Terry Gilliam is no stranger to creativity or the kinds of fairy tale illustrations that form the Imaginarium itself. If his name sounds at all familiar to you, it is likely from his work as a writer, actor, animator, director, and member of the Monty Python comedy act. He began his career as an animator, during which time he slowly became acquainted with the other members of the future Monty Python cast. He was only recognized as their animator at first but became increasingly involved in other facets of their shows and movies. His film writing and directing career began to surge with the group's break-up, and he has made his name with such films as 12 Monkeys, Fear and Loathing in Las Vegas, and The Brothers Grimm (also starring Ledger as well as Matt Damon).
It would be impossible to discuss the complete foundation of the film without acknowledging the presence and talent of the other starring cast members: Cole, Garfield, Plummer, Troyer, and Waits. Lily Cole brings a fresh face to the scene as Valentina (Doctor Parnassus' daughter) in her first starring role. She began her career as a model in London and was first cast in the movie St.Trinian's in 2007. Los Angeles-born Garfield is another fairly new actor. He plays Anton, a member of Doctor Parnassus's travelling troupe. Some of his other most recent film appearances include The Other Boleyn Girl and Lions for Lambs.
Christopher Plummer, on the other hand, is anything but an inexperienced actor. Though his best-known role is probably still Captain Von Trapp in the 1965 hit musical The Sound of Music, he has gone on to feature in a cornucopia of films, including Malcolm X, The Insider, Dracula 2000, A Beautiful Mind, and Up. As Doctor Parnassus, he does an effective job of illustrating the moral battle he wages against the consequences of his deal with Mr. Nick.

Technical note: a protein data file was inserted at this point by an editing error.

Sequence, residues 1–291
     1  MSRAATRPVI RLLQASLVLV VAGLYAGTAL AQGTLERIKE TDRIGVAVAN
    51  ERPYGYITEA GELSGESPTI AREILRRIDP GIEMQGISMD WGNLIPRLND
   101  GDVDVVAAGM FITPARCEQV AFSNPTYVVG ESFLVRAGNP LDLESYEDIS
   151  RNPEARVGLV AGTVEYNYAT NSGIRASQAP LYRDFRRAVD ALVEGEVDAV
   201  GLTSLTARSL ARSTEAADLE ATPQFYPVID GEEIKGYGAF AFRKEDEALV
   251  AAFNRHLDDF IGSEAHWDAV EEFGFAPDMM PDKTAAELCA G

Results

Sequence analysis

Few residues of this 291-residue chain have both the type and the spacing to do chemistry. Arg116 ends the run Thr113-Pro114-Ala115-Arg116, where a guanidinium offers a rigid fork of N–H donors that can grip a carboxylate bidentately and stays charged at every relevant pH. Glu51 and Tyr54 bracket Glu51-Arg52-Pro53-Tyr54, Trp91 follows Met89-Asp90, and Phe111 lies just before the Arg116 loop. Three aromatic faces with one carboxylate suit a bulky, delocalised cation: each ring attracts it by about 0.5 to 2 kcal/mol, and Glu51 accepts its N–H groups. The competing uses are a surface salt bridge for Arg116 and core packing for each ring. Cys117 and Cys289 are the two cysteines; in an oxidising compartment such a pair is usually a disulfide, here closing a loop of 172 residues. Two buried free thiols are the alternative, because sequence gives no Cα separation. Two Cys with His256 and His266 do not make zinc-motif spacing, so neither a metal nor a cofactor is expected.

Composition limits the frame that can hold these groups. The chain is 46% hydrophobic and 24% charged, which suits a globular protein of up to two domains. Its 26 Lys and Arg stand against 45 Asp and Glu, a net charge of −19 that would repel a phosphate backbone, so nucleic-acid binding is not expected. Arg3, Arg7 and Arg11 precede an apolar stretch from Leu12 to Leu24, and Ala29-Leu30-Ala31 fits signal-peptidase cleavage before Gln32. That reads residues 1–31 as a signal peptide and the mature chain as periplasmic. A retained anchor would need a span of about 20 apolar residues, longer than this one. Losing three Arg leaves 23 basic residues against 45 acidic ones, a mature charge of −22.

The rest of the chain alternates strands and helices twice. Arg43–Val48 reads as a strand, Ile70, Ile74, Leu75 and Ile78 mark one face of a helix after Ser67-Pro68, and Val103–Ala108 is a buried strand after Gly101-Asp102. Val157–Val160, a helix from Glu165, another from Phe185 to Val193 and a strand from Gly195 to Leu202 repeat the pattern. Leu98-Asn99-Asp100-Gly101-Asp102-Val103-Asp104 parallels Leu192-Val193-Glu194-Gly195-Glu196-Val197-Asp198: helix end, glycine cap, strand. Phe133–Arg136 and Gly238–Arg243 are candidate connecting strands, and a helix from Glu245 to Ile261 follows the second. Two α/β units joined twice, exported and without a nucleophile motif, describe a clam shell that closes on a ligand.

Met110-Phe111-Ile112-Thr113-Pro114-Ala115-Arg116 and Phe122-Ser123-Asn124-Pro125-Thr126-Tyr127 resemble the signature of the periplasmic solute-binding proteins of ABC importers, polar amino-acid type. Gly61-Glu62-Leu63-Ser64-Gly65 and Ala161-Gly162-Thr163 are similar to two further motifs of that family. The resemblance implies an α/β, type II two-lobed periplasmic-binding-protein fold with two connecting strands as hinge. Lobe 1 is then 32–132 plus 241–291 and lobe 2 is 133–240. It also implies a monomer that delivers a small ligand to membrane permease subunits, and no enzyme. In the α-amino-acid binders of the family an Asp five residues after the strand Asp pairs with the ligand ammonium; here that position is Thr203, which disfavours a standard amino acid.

The final two characters in the film that build its solid foundation are portrayed by Troyer, as Doctor Parnassus's right hand man Percy, and Waits. Troyer became instantly recognizable for his role as Mini-Me in the Austin Powers triology, but he brings unexpected compassion and strength to Percy. Tom Waits is a notable individual perhaps not for his acting but as a singer, who first emerged into the limelight in 1974. He has since released several popular albums with his signature raspy voice. Playing Mr. Nick in the film accommodates his singular sound, giving an eerie presence to his gleeful take on this devilish character.
That's about all of the basics that can be divulged for the film without getting down to the nitty-gritty and spoiling it for everyone. If you're open-minded, enjoy imagination and fantasy (or if you had a thing for Heath Ledger), you will like it, as it offers a unique story that's equal parts Alice In Wonderland and classic good versus evil. You can still catch it in theatres at Rainbow St. Laurent and at the Bytowne February 17 - 20.
Tags: christopher plummer, cinema, foundation, heath ledger, terry gilliam, the imaginarium of doctor parnassus